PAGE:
Thursday, October 11, 2012


This is usually the time of year my husband loves and I dread: Pear and apple canning time.  Don't get me wrong, I love having canned and frozen foods that we grew - or at least picked - ourselves*, and had total control over every ingredient added.  I just don't like all the prep work.  Peeling, slicing, washing jars, finding rings, waiting forever for our canning to boil, and so on.  About 3/4 of the way through the process, I get on board and get excited too.  Up until that point, I'm pretty much an unwilling participant.

We have about 13 quarts of canned pears at the moment - we filled a large laundry basket from a neighbor's Pear tree in exchange for some of our garden goodies - as well as peaches from last year.  (Never again - I hate canning peaches!)  We also grew our own pumpkins, which were roasted, pureed and frozen.  And applesauce.. oh boy, do we have applesauce!

About a month ago, Husband and I went to his aunt and uncle's house to pick their "leftover" apples (whatever is left after they and their kids get what they want - and we're happy to do it!)  We brought home about 35lbs.  I'm not exactly sure what types they have, but there's a tree with reddish apples and a tree with yellowish apples (helps, right?)  After I complained a bit about having to make applesauce, we started.  We got 9 quarts of applesauce from that batch.  I didn't want to can the applesauce, so I froze it in gallon bags - 6 cups per bag.

Then Wal-Mart had a sale on Golden Delicious apples that my husband couldn't resist.  So he bought more apples. They sat around for a while until we finally got motivated enough to make more applesauce.. which was last night.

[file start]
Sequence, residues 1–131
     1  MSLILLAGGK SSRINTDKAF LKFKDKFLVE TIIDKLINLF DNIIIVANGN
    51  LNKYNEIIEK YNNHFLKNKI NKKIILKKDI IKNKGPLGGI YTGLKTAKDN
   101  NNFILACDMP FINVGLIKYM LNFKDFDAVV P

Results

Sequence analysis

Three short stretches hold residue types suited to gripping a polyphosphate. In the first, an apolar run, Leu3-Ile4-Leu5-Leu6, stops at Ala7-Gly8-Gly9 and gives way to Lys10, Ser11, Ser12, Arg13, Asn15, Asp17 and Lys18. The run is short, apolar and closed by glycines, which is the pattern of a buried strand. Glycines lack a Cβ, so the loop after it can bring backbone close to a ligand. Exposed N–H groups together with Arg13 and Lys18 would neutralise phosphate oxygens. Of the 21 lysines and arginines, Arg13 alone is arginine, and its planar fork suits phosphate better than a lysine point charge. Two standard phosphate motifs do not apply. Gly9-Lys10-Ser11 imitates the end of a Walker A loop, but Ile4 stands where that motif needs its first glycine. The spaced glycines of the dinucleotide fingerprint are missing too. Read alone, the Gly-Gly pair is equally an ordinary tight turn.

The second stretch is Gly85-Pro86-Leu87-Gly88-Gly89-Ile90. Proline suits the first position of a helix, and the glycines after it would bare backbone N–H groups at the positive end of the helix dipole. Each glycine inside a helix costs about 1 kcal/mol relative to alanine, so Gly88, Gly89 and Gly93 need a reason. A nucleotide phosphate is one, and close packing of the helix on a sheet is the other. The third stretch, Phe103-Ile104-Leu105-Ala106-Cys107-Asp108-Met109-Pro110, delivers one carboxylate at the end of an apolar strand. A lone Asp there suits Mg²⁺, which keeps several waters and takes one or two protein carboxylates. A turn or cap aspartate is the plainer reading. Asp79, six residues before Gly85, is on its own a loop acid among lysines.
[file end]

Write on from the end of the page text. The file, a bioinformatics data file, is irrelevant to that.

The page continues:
Making applesauce is a lot easier than you may think.  Here's how to do it:

Quarter and core the apples - you do not need to peel them.  To keep them from turning brown, place them in a large bowl of water treated with Fruit Fresh or lemon juice.  Place a handful of treated apples into a pot with about an inch of water; heat until very tender.  Transfer them to for saucing..

I don't know what this thing is called, but this is what my Mother-in-Law has always used to make applesauce, so this is what we use.  It's a bit more work than some other options, but not a big deal if you don't mind using a little elbow grease.

With this method, after apples are boiled to soften, you use the wooden stick to mash and squish the apples into sauce, which is strained out into your dish.

What you're left with is a much drier version of this if you are as persistant as my husband.  Discard.

Once you have a full dish of applesauce, you can sweeten if you wish.  Our first batch of applesauce was perfect so we didn't add any sweeteners.  This batch, however, needed a little sugar.  I added about 1/8c sugar per 6 cups.  It really all depends on how sweet you like your applesauce.  I typically like unsweetened applesauce just fine.

Now, here's a trick for mess-free bagging of applesauce:  Put your gallon bag inside a pitcher or any tall container you can fit it in.  Fold the top over, and pour applesauce in!

Try to get as much air out as possible, seal and lay flat to freeze.

And now you have delicious homemade applesauce!

This time we got 19 cups of applesauce.  I'm pretty sure we're set for applesauce for a whole year!

*We recently bought a can of pumpkin puree while we waited for our pumpkins to get ripe in the garden.  I was shocked when I realized the pumpkin was "Made in China".  As if we cannot grow pumpkins in our own back yards!

I have two main sources for canning information: The Ball Blue Book (mine was published in 1995, but there are much newer ones) and PYO has step-by-step instructions, with lots of photos, for about anything you can think of to can.

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